Third Lord
60   I do conceive.
TIMON
61   Each man to his stool, with that spur as he would to
62   the lip of his mistress: your diet shall be in all
63   places alike. Make not a city feast of it, to let
64   the meat cool ere we can agree upon the first place:
65   sit, sit. The gods require our thanks.
66   You great benefactors, sprinkle our society with
67   thankfulness. For your own gifts, make yourselves
68   praised: but reserve still to give, lest your
69   deities be despised. Lend to each man enough, that
70   one need not lend to another; for, were your
71   godheads to borrow of men, men would forsake the
72   gods. Make the meat be beloved more than the man
73   that gives it. Let no assembly of twenty be without
74   a score of villains: if there sit twelve women at
75   the table, let a dozen of them be--as they are. The
76   rest of your fees, O gods--the senators of Athens,
77   together with the common lag of people--what is
78   amiss in them, you gods, make suitable for
79   destruction. For these my present friends, as they
80   are to me nothing, so in nothing bless them, and to
81   nothing are they welcome.
82   Uncover, dogs, and lap.
Some Speak
83   What does his lordship mean?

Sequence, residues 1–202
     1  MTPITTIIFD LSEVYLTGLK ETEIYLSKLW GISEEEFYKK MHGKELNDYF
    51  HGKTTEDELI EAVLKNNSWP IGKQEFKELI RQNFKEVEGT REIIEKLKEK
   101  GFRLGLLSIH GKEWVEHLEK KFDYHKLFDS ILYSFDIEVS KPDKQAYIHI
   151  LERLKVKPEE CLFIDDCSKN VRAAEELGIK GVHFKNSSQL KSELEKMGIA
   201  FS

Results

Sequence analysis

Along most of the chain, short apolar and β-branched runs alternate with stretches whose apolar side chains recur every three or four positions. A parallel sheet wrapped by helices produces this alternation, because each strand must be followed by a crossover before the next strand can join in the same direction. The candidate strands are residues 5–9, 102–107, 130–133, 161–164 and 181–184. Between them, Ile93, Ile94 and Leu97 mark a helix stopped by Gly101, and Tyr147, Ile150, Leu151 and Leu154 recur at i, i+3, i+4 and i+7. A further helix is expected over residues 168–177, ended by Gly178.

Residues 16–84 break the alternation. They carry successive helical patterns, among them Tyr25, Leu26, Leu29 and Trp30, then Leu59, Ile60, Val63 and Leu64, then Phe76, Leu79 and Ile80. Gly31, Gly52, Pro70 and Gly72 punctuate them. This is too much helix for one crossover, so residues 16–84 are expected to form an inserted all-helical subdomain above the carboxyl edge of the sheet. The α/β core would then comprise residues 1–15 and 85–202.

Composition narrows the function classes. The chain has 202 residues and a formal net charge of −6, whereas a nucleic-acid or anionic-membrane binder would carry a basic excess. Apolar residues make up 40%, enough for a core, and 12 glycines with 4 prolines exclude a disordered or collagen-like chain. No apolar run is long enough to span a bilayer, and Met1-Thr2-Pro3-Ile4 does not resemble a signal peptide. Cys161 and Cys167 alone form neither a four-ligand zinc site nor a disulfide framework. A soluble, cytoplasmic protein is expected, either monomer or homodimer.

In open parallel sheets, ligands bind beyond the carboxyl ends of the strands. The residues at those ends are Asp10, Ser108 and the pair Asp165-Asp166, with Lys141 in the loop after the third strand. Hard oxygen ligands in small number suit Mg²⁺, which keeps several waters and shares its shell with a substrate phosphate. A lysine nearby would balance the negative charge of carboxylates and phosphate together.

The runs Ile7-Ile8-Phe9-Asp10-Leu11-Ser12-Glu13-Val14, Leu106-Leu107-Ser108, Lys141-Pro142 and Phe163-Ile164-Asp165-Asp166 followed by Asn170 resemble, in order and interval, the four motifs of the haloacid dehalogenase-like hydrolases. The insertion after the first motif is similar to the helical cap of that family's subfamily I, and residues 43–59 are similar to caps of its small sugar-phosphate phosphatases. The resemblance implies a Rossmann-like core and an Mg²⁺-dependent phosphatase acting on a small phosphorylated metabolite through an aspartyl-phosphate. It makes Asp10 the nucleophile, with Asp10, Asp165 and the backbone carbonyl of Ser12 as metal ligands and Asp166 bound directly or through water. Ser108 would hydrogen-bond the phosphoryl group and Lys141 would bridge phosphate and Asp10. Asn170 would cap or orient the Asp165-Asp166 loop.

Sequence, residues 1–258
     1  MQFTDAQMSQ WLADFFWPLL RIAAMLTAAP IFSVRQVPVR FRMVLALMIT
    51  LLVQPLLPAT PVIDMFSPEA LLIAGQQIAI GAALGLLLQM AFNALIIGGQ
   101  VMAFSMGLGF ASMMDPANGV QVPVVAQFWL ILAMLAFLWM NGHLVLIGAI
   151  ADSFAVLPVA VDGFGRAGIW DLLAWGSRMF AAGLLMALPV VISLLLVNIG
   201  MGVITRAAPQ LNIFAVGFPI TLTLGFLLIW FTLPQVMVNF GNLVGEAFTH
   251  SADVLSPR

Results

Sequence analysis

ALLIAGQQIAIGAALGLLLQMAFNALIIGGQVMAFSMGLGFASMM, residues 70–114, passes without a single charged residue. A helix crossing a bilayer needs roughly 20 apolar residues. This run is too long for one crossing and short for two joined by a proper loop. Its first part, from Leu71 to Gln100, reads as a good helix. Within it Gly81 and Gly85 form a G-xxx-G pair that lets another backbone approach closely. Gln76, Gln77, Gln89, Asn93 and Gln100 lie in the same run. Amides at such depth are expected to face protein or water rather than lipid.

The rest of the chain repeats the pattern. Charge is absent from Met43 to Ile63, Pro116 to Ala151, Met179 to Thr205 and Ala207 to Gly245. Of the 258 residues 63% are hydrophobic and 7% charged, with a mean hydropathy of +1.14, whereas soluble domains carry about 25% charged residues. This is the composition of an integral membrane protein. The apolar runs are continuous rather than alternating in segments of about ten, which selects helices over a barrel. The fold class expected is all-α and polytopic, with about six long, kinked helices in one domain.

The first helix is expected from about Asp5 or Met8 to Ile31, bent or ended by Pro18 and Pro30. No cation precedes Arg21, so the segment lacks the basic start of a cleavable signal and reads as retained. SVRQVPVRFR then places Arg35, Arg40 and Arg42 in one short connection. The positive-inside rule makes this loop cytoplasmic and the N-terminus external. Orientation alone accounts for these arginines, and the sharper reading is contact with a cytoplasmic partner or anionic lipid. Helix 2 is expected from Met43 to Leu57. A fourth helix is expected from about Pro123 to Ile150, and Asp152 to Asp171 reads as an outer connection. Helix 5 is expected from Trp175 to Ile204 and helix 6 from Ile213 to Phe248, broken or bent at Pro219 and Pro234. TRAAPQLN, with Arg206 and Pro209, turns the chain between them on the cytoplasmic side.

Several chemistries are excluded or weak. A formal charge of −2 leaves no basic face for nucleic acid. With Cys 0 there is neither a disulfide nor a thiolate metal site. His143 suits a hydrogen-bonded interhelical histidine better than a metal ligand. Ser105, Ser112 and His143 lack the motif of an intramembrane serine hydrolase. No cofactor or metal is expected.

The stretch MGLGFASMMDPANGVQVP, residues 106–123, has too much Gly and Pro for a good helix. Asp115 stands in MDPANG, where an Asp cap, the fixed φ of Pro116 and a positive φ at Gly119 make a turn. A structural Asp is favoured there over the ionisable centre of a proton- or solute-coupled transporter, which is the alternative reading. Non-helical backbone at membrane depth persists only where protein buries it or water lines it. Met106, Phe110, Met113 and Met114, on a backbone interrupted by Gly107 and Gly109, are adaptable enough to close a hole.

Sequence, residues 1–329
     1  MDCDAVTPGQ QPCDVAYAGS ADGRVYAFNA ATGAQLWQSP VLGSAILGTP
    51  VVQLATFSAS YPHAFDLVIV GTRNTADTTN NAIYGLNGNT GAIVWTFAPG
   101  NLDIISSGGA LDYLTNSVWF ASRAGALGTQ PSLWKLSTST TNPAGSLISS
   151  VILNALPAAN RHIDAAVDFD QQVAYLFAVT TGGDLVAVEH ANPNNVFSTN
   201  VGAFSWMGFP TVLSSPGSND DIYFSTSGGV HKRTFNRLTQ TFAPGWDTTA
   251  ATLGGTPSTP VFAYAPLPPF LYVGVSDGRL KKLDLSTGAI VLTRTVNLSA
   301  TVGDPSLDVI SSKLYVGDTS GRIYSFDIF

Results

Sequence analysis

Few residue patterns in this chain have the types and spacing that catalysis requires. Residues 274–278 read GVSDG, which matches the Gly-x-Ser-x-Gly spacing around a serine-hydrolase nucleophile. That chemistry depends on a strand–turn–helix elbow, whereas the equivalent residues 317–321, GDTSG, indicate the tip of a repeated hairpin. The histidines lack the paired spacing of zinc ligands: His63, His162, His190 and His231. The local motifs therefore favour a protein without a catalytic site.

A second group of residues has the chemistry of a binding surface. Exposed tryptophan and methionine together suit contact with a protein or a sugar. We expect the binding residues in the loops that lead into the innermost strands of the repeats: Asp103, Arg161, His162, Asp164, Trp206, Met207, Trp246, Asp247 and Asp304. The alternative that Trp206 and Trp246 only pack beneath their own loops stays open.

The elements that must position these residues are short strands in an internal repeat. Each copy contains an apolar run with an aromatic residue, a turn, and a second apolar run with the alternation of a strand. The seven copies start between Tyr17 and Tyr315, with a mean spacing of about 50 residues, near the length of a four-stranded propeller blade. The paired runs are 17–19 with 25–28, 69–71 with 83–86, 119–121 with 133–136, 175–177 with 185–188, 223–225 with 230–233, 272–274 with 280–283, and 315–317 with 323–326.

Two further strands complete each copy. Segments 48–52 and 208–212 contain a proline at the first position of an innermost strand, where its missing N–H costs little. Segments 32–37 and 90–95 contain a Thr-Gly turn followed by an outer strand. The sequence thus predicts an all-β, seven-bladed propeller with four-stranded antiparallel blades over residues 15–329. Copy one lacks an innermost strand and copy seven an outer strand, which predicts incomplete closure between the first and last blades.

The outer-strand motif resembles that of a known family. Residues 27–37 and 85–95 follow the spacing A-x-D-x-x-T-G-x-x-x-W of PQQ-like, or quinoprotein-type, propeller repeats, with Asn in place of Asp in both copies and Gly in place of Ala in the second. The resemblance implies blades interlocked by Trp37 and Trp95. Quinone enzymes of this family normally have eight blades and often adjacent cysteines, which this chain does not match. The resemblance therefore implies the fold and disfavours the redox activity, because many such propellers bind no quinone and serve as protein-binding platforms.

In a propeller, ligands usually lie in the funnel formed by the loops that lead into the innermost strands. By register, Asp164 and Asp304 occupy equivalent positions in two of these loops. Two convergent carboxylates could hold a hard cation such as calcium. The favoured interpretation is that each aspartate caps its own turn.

Some Others
84   I know not.
TIMON
85   May you a better feast never behold,
86   You knot of mouth-friends I smoke and lukewarm water
87   Is your perfection. This is Timon's last;
88   Who, stuck and spangled with your flatteries,
89   Washes it off, and sprinkles in your faces
90   Your reeking villany.
Throwing the water in their faces
91   Live loathed and long,
92   Most smiling, smooth, detested parasites,
93   Courteous destroyers, affable wolves, meek bears,
94   You fools of fortune, trencher-friends, time's flies,
95   Cap and knee slaves, vapours, and minute-jacks!
96   Of man and beast the infinite malady
97   Crust you quite o'er! What, dost thou go?
98   Soft! take thy physic first--thou too--and thou;--
99   Stay, I will lend thee money, borrow none.
Throws the dishes at them, and drives them out
100  What, all in motion? Henceforth be no feast,
101  Whereat a villain's not a welcome guest.
102  Burn, house! sink, Athens! henceforth hated be
103  Of Timon man and all humanity!
Exit

Re-enter the Lords, Senators, &c

First Lord
104  How now, my lords!
Second Lord
105  Know you the quality of Lord Timon's fury?
Third Lord
106  Push! did you see my cap?
Fourth Lord
107  I have lost my gown.
First Lord
108  He's but a mad lord, and nought but humour sways him.
109  He gave me a jewel th' other day, and now he has
110  beat it out of my hat: did you see my jewel?
Third Lord
111  Did you see my cap?
Second Lord
112  Here 'tis.
Fourth Lord
113  Here lies my gown.
First Lord
114  Let's make no stay.
Second Lord
115  Lord Timon's mad.
Third Lord
116  I feel 't upon my bones.
Fourth Lord
117  One day he gives us diamonds, next day stones.
Exeunt

< (Previous) ACT III, SCENE VACT IV, SCENE I (Next) >
Scene Index
ACT I
  • SCENE I
  • SCENE II


  • ACT II
  • SCENE I
  • SCENE II


  • ACT III
  • SCENE I
  • SCENE II
  • SCENE III
  • SCENE IV
  • SCENE V
  • SCENE VI


  • ACT IV
  • SCENE I
  • SCENE II
  • SCENE III


  • ACT V
  • SCENE I
  • SCENE II
  • SCENE III
  • SCENE IV

  • ©1999-. All rights reserved.Contact
    Part of the MaximumEdge.com Network.Add Bookmark